The automotive industry is under pressure to reduce emissions, both from government regulations and from consumers who are growing more conscious about the environmental impact of their vehicles. Electrified powertrains are a promising avenue to reduce or eliminate vehicle emissions for automakers. According to Lux Research’s report, “The Electric Vehicle Inflection Tracker: 2020 Edition,” most of automakers’ attention has been focused on making battery electric vehicles (BEVs) that are profitable while addressing consumer pain points related to charging speed and range.
“Consumers want to know, how far can this electric car go and what will it cost? Fortunately, BEVs are consistently making progress on how far they can go, with the average range now 230 miles. Since 2011, range has consistently increased, with a compound annual growth rate (CAGR) of 13.7%,” explains Chris Robinson, Senior Analyst at Lux Research and lead author of the report. “Prices have also gone down, with the average vehicle’s base manufacturer’s suggested retail price (MSRP) in 2019 at $33,901, down from $42,189 in 2016. These changes are making it easier for consumers to own an electric vehicle.”
Robinson goes on to say, “Nearly all automakers now sell some form of BEV, so the focus has shifted to making them profitable. We’ve seen a large focus on electrifying high-priced brands. Luxury brands offer vehicles at higher prices points and are able to absorb the additional costs of the battery pack.” This is also partly due to the need to offset higher emissions of their larger internal combustion engines, which cause more emissions due to their vehicles being larger and more powerful.
Lux believes automakers should focus on their battery supply chain. Battery shortages have already caused some automakers to reduce their BEV production plans. To fix this issue, which will only be exacerbated over the next few years as more electric vehicles come to market, automakers should secure raw materials like cobalt and lithium for their future vehicles. Another key strategy is to balance platform flexibility against commitment. Large original equipment manufacturers (OEMs) can afford to develop dedicated BEV platforms that save money, but smaller OEMs need to remain flexible to avoid taking a large financial hit if BEV sales are sluggish.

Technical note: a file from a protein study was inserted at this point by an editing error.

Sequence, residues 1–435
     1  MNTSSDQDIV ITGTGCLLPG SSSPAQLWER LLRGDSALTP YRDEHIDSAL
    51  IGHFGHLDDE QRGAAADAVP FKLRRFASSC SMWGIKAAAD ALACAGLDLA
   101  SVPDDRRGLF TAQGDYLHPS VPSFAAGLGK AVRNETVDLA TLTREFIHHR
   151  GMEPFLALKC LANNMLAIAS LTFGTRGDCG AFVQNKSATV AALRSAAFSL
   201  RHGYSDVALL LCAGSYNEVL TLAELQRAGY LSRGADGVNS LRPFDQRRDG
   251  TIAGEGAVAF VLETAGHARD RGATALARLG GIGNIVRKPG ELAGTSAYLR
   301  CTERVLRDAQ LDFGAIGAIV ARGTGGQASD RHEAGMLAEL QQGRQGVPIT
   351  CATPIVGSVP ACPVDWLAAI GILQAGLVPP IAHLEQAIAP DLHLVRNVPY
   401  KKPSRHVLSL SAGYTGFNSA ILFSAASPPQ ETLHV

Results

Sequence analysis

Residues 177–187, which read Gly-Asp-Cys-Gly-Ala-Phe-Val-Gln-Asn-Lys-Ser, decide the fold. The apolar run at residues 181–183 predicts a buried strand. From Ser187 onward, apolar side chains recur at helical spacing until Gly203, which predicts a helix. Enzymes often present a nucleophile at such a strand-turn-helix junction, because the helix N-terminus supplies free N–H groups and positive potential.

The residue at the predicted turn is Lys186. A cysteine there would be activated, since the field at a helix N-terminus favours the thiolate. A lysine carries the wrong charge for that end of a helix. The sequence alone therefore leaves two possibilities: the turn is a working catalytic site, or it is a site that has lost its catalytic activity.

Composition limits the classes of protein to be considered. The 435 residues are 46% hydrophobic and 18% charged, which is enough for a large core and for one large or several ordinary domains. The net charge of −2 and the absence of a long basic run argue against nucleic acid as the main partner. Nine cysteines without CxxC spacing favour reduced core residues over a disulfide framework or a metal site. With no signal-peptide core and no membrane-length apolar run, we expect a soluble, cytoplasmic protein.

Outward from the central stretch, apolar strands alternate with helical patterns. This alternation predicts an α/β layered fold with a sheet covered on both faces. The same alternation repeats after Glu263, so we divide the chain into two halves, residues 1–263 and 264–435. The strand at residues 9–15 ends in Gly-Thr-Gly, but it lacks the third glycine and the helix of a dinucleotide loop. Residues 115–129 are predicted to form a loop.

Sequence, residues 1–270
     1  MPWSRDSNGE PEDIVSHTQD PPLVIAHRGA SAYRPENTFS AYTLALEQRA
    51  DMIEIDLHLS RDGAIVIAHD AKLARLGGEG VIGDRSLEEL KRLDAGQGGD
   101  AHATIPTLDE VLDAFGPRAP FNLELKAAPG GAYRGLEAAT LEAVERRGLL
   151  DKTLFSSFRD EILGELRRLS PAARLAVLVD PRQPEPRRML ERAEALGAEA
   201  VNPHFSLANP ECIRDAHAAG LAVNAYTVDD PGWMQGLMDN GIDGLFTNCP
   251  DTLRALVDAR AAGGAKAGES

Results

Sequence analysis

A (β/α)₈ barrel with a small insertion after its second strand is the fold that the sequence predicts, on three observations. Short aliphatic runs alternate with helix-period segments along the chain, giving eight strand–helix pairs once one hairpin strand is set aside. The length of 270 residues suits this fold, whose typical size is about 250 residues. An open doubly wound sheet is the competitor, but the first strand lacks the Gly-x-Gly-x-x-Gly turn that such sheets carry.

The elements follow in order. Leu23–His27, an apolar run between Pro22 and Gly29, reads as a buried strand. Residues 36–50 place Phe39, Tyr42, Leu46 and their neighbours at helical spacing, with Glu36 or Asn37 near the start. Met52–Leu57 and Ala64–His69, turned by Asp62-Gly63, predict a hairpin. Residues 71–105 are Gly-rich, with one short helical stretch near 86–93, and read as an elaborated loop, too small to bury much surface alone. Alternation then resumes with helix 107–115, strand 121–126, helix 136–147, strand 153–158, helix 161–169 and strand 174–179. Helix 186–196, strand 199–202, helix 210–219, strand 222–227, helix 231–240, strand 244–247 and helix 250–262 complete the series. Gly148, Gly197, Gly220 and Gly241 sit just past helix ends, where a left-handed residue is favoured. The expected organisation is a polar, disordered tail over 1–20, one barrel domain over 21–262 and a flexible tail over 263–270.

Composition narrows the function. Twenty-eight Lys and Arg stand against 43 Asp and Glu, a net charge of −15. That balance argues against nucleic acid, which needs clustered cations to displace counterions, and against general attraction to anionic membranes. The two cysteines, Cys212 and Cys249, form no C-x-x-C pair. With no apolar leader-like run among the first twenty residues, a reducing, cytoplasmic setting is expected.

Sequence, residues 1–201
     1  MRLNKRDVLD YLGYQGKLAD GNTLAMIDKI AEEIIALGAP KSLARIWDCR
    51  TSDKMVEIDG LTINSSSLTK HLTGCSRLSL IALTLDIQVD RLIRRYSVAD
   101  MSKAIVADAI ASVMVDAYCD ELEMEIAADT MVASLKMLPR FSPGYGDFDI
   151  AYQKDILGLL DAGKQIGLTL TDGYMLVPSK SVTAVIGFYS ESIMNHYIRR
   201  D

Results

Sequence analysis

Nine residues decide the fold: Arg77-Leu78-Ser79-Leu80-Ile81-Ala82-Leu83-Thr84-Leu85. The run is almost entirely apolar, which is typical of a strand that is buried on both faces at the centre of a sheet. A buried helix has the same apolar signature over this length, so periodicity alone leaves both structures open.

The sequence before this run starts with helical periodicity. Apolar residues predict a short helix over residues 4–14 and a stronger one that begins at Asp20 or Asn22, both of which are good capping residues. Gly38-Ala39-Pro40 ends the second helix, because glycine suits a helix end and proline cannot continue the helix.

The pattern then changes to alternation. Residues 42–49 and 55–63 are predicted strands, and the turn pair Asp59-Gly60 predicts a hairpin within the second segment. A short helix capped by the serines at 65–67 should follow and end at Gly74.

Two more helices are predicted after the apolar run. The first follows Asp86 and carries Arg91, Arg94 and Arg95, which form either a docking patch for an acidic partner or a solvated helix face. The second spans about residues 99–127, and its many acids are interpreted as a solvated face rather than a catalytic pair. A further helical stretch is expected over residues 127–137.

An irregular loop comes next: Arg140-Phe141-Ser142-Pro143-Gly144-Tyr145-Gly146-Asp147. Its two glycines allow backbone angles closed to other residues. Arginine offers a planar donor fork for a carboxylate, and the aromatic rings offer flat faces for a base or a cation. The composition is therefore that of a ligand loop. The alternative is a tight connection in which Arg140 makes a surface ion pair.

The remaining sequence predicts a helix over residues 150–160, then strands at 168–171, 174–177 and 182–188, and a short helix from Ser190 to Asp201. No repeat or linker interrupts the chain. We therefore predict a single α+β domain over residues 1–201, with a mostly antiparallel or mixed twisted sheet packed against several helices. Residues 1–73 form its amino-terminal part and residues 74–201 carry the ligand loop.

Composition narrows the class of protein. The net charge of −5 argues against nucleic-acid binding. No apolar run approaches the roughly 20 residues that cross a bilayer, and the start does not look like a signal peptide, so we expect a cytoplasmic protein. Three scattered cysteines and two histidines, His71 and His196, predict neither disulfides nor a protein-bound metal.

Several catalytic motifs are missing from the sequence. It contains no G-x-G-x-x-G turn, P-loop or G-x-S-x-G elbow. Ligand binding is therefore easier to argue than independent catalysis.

“Currently, BEVs are more expensive and less convenient to use than their nonelectric counterparts, but technology will continue to close this gap,” says Robinson. “We expect to see efficiency front and center as the next major focus of BEV design, with automakers either downsizing packs to increase profitability or offering more range.” As automakers continue to improve charging speed and minimize battery size, more consumers are expected to seek out electric vehicles.
Lux Research predicts that it will take until between 2035 and 2040 for electric vehicles to make up more than half of all vehicle sales. While adoption was tracking ahead of forecasts pre-COVID-19, Lux believes that impacts from the pandemic will only cause short-term setbacks.